Deep-Sea Mining Could Help the Clean Energy Transition. But Is It Worth the Risk?

Our twice-a-week dive into the most pressing news related to our rapidly warming world.

The 228-meter long Hidden Gem docked in the Port of Rotterdam. Credit: Charles M. Vella/SOPA Images/LightRocket via Getty Images
The Hidden Gem, a former drilling ship, docks in Rotterdam, Netherlands, to be converted into the American Bureau of Shipping's first sub-sea mining vessel. Credit: Charles M. Vella/SOPA Images/LightRocket via Getty Images

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Three Pacific island nations announced this week that they had formed a new alliance calling for a moratorium on deep-sea mining until the environmental risks of the nascent industry are better understood and appropriate regulations are put in place. Whether countries should be allowed to extract minerals from the seafloor has become an increasingly important debate as countries race to find the metals needed for batteries that will power the clean energy transition.

Government mandates to reduce greenhouse gas emissions and the growing popularity of electric vehicles have driven a figurative gold rush in recent years for lithium, cobalt, nickel and other relatively rare metals used to manufacture long-performance batteries. In fact, demand for those minerals could increase sixfold by 2040, according to projections from the International Energy Agency.

Hoping to cash in on the burgeoning market, several countries and private prospectors are now racing to find new sources of the materials, including at the bottom of the ocean. The United Nations body charged with regulating deep-sea mining in international waters is expected to ratify rules for the industry as early as next year, and nations have already issued dozens of licenses to companies to explore potential mining spots.

But a growing chorus of world leaders and scientists, particularly from island nations that depend on the ocean for food and income, say that the ecological threats from deep-sea mining are too great and are urging the international community to slow down.

“We know that deep-sea mining compromises the integrity of our ocean habitat that supports marine biodiversity and contributes to mitigating the impacts of climate change,” Palau President Surangel Whipps said at the United Nations Ocean Conference, which began on Monday and is being hosted in Portugal. “We believe it is not worth the risk.”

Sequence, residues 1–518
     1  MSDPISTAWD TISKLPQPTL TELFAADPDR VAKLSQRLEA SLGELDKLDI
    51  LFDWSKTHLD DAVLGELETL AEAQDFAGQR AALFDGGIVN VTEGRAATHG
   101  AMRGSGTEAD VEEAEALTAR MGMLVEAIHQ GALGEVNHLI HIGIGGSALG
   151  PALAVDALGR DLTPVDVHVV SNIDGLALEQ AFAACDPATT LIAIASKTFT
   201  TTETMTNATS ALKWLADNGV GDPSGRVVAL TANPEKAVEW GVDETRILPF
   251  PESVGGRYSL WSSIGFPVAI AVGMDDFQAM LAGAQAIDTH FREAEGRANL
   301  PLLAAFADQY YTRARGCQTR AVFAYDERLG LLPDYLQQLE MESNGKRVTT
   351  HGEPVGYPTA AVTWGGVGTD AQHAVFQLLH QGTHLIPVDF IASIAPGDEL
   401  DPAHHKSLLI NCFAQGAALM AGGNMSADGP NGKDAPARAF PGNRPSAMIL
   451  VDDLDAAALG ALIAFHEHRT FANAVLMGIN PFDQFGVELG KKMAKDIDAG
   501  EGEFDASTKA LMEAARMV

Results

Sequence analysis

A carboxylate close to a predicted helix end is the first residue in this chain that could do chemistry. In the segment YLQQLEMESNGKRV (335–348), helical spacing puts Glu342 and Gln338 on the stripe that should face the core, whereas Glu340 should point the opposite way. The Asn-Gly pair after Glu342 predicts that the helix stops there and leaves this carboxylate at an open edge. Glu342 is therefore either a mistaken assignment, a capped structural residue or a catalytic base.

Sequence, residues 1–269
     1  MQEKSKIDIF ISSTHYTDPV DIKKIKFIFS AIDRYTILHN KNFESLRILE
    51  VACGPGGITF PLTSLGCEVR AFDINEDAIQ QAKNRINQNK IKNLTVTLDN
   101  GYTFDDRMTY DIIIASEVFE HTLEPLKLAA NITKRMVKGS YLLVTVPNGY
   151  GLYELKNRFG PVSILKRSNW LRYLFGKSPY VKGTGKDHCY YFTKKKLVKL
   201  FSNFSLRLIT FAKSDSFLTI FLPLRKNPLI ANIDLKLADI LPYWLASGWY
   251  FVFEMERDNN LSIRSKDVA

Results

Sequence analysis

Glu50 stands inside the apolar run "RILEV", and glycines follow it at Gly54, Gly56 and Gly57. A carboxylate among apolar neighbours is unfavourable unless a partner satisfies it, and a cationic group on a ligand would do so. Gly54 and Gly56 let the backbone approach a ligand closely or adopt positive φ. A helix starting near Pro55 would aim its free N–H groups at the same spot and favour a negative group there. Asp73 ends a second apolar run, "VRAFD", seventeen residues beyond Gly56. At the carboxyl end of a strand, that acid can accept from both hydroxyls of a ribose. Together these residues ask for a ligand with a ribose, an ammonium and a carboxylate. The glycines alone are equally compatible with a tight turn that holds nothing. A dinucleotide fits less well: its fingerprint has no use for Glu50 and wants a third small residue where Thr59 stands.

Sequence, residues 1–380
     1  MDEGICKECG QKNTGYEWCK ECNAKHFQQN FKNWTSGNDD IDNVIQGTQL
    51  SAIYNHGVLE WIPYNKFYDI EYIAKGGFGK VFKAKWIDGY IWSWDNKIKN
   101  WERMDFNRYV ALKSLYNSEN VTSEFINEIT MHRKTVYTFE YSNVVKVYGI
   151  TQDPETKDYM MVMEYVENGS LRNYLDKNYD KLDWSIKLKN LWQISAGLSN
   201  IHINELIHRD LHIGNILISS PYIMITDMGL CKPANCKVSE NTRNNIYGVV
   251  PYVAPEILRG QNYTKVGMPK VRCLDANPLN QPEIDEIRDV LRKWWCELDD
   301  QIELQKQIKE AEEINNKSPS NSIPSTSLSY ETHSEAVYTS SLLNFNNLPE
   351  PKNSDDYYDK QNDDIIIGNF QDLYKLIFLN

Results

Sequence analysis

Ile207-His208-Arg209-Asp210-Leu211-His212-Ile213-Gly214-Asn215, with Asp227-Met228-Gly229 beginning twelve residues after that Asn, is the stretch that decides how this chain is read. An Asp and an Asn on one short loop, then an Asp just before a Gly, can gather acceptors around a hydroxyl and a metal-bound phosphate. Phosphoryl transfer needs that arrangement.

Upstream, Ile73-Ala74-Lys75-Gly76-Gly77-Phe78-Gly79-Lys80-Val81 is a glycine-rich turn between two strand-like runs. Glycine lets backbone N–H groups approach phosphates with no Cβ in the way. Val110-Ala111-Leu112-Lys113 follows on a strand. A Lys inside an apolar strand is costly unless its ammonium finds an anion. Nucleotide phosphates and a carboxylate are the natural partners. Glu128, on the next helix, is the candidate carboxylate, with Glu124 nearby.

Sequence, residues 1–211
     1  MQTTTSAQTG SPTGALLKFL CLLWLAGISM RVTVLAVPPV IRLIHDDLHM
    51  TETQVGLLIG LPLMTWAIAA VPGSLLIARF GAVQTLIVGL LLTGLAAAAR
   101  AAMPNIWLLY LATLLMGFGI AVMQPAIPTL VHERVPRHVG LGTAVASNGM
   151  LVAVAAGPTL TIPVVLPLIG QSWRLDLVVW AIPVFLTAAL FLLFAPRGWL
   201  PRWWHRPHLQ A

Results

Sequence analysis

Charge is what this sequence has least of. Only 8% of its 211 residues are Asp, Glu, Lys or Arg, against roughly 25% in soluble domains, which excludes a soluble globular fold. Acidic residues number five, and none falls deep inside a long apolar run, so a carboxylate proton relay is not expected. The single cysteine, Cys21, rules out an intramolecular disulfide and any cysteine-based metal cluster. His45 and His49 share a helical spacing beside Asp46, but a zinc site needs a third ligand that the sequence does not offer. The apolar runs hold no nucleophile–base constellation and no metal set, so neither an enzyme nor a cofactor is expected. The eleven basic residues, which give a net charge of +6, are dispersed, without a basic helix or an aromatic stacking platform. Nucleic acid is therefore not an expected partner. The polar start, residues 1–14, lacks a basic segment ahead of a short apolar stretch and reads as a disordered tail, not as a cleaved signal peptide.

Palau was joined by Fiji and Samoa in the new alliance. A separate petition, also calling for a temporary ban on deep-sea mining, was circulated at the conference and has so far been signed by more than 70 individuals from 35 countries. And more than 600 scientists and policy experts from around the world have made a similar declaration, warning that mining the seabed could result “in the loss of biodiversity and ecosystem functioning that would be irreversible on multi-generational timescales.”

While the processes for deep-sea mining are still being developed, the leading idea involves using specialized vehicles to rake the ocean floor for potato-sized nodules that contain metal ores, which then get sucked up by a vacuum onto a ship. And although research on deep-sea mining is scarce—largely due to the cost and risk associated with conducting studies thousands of meters below the surface of the ocean—scientists say the evidence gathered so far is alarming.

Specifically, most researchers point to a test conducted in 1989 by German scientist Hjalmar Thiel, who dragged an 8-meter-wide rake across the ocean floor and observed the results. Sediment stirred up by the plowing buried almost everything, including the animals and plants living on the seabed, within nearly 7 square miles—far further than researchers at the time had imagined. And 26 years later, when scientists revisited the test site, the creatures that had once inhabited the area still hadn’t returned.

Scientists also warn that deep-sea mining could kill microbes that help absorb carbon dioxide, increasing global warming, and that the noise from the machinery could impair animals that use sound to avoid predators or find prey.

Deep-sea mining isn’t the only solution being explored. As my colleague Dan Gearino reported earlier this year, there’s a burgeoning battery recycling industry that aims to salvage rare materials from old waste rather than buying virgin metals.

Still, some countries—such as the small island nation of Nauru, just north of Australia—are pushing for an acceleration of the ocean mining business. And top energy experts have said that failing to quickly address the skyrocketing demand for rare minerals could jeopardize global climate goals. Complicating matters further is the fact that many of the metals needed for batteries are coming from only a handful of countries, with just three accounting for more than 75 percent of the total supplies, according to a 2021 IEA report.

In 2019, some 70 percent of cobalt and rare earth elements came from the Democratic Republic of the Congo, and 60 percent came from China, that report found. And Australia was responsible for more than half the world’s supply of lithium.

“Today, the data shows a looming mismatch between the world’s strengthened climate ambitions and the availability of critical minerals that are essential to realizing those ambitions,” Fatih Birol, executive director of the IEA, said in a press release for the report. “Left unaddressed, these potential vulnerabilities could make global progress towards a clean energy future slower and more costly—and therefore hamper international efforts to tackle climate change.”

That’s it this week for Today’s Climate. The newsletter will take a break next Tuesday in observance of Independence Day, but I’ll be back in your inbox next Friday.

Today’s Indicator

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